21 Urban Design Plan Framework A. Urban Design Framework The urban design framework requires an interconnected series of streets, blocks, parks and a mix of uses intended to establish urban neighborhoods with destination retail uses and civic activity that embrace public parks and the public realm. The Metrorail station serves as a focal design element for the configuration of the streets for the neighborhood surrounding the station. The Plan also requires the creation of a new park system adjacent to Four Mile Run. The urban design elements of the Plan will be augmented by the accompanying North Potomac Yard Urban Design Standards and Guidelines (Design Guidelines). The Design Guidelines specify site, building improvements, and require design excellence for the site. If buildings are beautiful, higher density compounds that beauty. Conversely, if buildings are ugly, then higher density compounds that ugliness. - Vince Graham North Potomac Yard Small Area Plan 13

22 Figure 2. Framework Streets and Required Blocks Note that the names given to neighborhoods, parks, and streets throughout this document are for reference purposes only, and subject to additional approval processes. 14 North Potomac Yard Small Area Plan

23 B. Framework Streets and Street Hierarchy The required location of streets are depicted in the Framework Plan (Figure 2). The street grid provides the basic form and structure of the plan area, and reflects the role of the streets as one of the primary organizing elements for each neighborhood. The street grid and configuration is based on Alexandria s historic pattern of pedestrian-scale blocks, with deliberate variations provided at Metro Square and Crescent Gateway to reinforce a sense of place and create a unique identity. The Framework Streets will connect to existing streets within the rest of Potomac Yard and Potomac Yard Arlington, and connect or align with neighborhoods to the west. A street hierarchy based on function identifies prominent streets and streets for parking and service access (Figure 3). The streets vary in width depending on their function, hierarchy and scale of adjoining buildings. The required width of the streets and sidewalks capture the characteristics of great urban streets. All streets are designed to favor the pedestrian and calm vehicular speed. The required street cross-sections are depicted in the accompanying Design Guidelines. C. Creation of Three Distinct Urban Neighborhoods A defining element of the City is its distinct neighborhoods, such as Old Town, Del Ray, Northeast, Lynhaven, Rosemont and Parker-Gray. The City also includes numerous emerging or transitioning neighborhoods such as Carlyle, Eisenhower East, and Landmark/Van Dorn. The differences in identity, character and scale of the various neighborhoods compliment each other and contribute to the richness of the urban experience of the City. Consistent with the City s urban tradition of a series of interconnected, distinctive neighborhoods, the Plan proposes three unique and identifiable neighborhoods: Metro Square Neighborhood Market Neighborhood Crescent Gateway Neighborhood North Potomac Yard Small Area Plan 15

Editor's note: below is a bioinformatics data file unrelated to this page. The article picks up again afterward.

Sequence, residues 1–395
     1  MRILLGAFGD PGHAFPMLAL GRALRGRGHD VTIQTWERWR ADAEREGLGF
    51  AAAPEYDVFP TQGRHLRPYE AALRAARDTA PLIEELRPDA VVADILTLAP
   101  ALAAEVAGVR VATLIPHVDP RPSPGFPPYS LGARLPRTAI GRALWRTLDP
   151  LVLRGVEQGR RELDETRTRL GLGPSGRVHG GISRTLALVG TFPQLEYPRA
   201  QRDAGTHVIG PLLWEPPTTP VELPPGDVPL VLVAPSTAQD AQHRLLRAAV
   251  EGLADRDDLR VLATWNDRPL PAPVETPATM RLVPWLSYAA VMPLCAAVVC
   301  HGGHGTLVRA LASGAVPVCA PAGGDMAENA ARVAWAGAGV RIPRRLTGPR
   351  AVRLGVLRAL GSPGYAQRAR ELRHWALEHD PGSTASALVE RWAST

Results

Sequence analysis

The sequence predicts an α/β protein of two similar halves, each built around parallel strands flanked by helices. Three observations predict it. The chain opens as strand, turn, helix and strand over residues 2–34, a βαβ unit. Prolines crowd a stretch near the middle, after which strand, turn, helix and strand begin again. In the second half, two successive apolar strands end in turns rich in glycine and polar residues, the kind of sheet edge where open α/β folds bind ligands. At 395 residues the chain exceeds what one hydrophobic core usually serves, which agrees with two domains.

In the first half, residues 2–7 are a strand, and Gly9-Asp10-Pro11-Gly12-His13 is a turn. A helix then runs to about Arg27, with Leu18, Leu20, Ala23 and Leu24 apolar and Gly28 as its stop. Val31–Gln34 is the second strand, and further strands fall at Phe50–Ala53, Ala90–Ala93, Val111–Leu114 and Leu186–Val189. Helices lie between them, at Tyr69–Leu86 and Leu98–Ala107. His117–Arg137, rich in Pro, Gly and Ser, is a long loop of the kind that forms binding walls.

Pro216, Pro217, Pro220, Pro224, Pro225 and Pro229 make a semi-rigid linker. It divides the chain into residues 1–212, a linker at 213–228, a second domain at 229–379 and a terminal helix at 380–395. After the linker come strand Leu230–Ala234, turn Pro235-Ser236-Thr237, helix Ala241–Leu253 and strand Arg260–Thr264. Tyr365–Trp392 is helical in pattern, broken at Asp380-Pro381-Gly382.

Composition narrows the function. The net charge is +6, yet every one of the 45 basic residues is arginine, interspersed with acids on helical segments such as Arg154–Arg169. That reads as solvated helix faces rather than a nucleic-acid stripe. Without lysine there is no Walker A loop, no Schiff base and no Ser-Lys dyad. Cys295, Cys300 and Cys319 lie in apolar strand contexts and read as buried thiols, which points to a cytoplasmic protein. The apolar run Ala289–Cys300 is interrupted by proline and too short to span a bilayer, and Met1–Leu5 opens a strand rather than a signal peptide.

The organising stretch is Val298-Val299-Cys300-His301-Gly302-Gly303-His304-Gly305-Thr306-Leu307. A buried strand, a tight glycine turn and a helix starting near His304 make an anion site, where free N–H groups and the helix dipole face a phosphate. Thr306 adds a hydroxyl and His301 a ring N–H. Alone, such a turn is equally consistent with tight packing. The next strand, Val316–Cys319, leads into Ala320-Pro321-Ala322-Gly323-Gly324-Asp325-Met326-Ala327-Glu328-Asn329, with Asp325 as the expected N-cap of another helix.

24 16 North Potomac Yard Small Area Plan Figure 3. Street Hierarchy

25 Figure 4. North Potomac Yard Neighborhoods North Potomac Yard Small Area Plan 17

26 18 North Potomac Yard Small Area Plan The Metro Square Neighborhood This neighborhood is the transit hub of North Potomac Yard, where the Metrorail station, dedicated high-capacity transitway, and local and circulator bus services converge. Two important public spaces define the charaters of the neighborhood, including the square park at the center of the neighborhood, and an internal pedestrian street. The neighborhood is characterized by a diverse mix of uses, but will be predominantly office, with ground floor retail. In addition, uses such as entertainment and/or live performance arts are required. An entertainment district provides a unique identity for this neighborhood and differentiates this new town center from others in the region. The entertainment and theater uses could utilize the office parking during the evening hours, and add evening activity within the neighborhood. Locating office in this neighborhood will also maximize Metrorail ridership, and enhance the City s ability to attract office uses for Landbays G and H.